As Aotearoa is considered a new country through the lens of recorded history, when a find like this one is unearthed, it presents the opportunity to capture and record previously unknown historical insight.
Piritahi is committed to managing the process of archaeological discoveries like this one and in working closely with mana whenua, can gather further knowledge, meaning and understanding about our shared cultural heritage.
“It’s all of our heritage, not just Māori heritage because we live on the land. If we don’t look after our home and record what we are finding, we lose the ability to connect with the land for ourselves and for our children and grandchildren”, says Hans.
Nick Hawke, Ngāti Whātua ki Ōrākei is one of 19 mana whenua iwi in Auckland who gratefully shared his understanding from a Māori perspective in “hope that it may aid your employees in learning a bit more about us through our lens”.
“As a Cultural Advisor mandated by my elders, I am also the Senior Cultural Monitor for our Social Development arm, Whai Māia. In the latter role, our aim is to help expedite the process if any taonga are discovered and provide cultural advice and karakia (prayer). We are there to work alongside you and not against you.”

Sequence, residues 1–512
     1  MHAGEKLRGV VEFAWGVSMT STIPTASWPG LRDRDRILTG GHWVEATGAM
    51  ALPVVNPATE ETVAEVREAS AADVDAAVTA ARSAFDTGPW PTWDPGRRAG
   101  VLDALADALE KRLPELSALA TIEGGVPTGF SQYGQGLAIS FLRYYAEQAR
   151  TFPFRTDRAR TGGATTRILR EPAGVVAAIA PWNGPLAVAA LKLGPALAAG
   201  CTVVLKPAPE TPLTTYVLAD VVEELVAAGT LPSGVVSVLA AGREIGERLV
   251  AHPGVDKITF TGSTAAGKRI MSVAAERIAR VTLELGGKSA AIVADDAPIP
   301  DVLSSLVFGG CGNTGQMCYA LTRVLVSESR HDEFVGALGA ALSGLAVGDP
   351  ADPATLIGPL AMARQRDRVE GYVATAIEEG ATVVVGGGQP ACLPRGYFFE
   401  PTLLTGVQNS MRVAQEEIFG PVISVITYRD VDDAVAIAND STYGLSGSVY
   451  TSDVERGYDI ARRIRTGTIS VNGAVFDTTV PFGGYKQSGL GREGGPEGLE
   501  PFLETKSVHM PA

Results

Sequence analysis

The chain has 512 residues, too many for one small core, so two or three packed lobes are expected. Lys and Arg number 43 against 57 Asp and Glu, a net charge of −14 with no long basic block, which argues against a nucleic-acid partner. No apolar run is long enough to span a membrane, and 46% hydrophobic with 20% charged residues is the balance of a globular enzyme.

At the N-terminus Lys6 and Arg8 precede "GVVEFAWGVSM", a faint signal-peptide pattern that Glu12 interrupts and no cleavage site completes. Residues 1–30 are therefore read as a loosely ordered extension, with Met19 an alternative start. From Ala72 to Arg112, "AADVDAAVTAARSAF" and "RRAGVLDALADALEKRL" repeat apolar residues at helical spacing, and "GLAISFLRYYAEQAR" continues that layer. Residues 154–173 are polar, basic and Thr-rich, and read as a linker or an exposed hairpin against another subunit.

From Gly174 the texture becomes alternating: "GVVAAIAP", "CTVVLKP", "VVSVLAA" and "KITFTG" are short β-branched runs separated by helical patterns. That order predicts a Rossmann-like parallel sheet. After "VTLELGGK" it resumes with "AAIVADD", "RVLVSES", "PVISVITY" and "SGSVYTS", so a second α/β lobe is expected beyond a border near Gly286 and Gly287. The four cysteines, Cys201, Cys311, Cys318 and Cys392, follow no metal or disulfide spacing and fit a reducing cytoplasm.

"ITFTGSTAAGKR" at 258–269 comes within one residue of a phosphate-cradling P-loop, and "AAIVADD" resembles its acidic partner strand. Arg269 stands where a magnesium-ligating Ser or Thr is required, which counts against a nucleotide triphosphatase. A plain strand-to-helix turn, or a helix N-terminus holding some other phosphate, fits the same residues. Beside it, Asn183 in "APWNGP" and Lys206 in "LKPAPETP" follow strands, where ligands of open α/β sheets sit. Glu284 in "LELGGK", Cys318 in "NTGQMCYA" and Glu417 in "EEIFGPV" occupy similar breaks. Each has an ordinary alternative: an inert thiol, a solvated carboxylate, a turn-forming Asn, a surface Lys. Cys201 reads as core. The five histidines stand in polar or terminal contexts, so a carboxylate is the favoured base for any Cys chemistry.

The ancient Māori world was not documented in writing. The histories are passed down in waiata (songs) and carvings. Very much dependent on nature and the seasons, they would travel throughout the land to gather kaimoana (seafood), birds and other foods.
“Wherever we went, we would leave a footprint, and the scientific evidence from middens found proves that we were once there.”
The original find sparked a curiosity to dig deeper, and what followed was an exploration of the surrounding area and a discovery of four similar complexes across Oranga.
On a balmy afternoon in late March 2021 on Waitangi Road, we visited Hans at the beginning of yet another excavation process. He showed us the excavated pit, the layers of shell midden, ash from the campsite, and basalt rock mix - a dark, fine-grained igneous rock usually formed by the solidification of magma or lava.
Fast forward a few weeks and a small group is gathered around at an early morning Toolbox Talk meeting; the Oranga site crew eagerly anticipating Han’s presentation on his findings since the March visit.
“Here’s where things got really interesting”, says Hans with a cheeky glint in his eye. An enthusiastic Hans dives into a detailed presentation specifically drilling down to the storage pit (rua) found within a service trench.
After an in-depth soil and microfossil analysis, the presence of taro, tī pore (Pacific cabbage tree) and aute (paper mulberry tree) were discovered. Tī pore was introduced into New Zealand in the waka migrations of the 13th century, grown for its taproot, which was cooked in a hāngī. The bark from aute is used to make tapa cloth.
“Finding three of the six cultivars that have been brought by Māori from the Polynesian Islands in one spot is quite the find”, exclaims an excited Hans.
The analysis also shows the fields were surrounded and protected by a dense stand of mature Rewarewa trees - one of only two species in the protea family in New Zealand. During the spring, its nectar is irresistible to tūī and bellbirds.
“This find still needs a lot of archaeological work. For example, scientific dating, and talking to local oral history experts, but it is a very promising start for our understanding of the landscape created by Māori for their gardens.”